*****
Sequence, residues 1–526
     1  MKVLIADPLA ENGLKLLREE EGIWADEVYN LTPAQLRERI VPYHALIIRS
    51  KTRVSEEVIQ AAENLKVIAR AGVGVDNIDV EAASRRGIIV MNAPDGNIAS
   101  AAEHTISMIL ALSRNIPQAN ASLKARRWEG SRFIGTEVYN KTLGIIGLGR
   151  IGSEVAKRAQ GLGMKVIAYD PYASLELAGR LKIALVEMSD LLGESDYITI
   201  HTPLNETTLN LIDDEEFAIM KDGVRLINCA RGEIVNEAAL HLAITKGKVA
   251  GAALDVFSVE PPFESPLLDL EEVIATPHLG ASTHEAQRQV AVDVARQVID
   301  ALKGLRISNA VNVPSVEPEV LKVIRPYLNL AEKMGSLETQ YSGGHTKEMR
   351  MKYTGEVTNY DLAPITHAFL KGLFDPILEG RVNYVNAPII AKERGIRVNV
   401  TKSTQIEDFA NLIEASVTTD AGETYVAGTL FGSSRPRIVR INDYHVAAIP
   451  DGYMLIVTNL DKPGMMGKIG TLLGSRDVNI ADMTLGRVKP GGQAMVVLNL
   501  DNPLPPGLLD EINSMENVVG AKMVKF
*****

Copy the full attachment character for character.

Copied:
Sequence, residues 1–526
     1  MKVLIADPLA ENGLKLLREE EGIWADEVYN LTPAQLRERI VPYHALIIRS
    51  KTRVSEEVIQ AAENLKVIAR AGVGVDNIDV EAASRRGIIV MNAPDGNIAS
   101  AAEHTISMIL ALSRNIPQAN ASLKARRWEG SRFIGTEVYN KTLGIIGLGR
   151  IGSEVAKRAQ GLGMKVIAYD PYASLELAGR LKIALVEMSD LLGESDYITI
   201  HTPLNETTLN LIDDEEFAIM KDGVRLINCA RGEIVNEAAL HLAITKGKVA
   251  GAALDVFSVE PPFESPLLDL EEVIATPHLG ASTHEAQRQV AVDVARQVID
   301  ALKGLRISNA VNVPSVEPEV LKVIRPYLNL AEKMGSLETQ YSGGHTKEMR
   351  MKYTGEVTNY DLAPITHAFL KGLFDPILEG RVNYVNAPII AKERGIRVNV
   401  TKSTQIEDFA NLIEASVTTD AGETYVAGTL FGSSRPRIVR INDYHVAAIP
   451  DGYMLIVTNL DKPGMMGKIG TLLGSRDVNI ADMTLGRVKP GGQAMVVLNL
   501  DNPLPPGLLD EINSMENVVG AKMVKF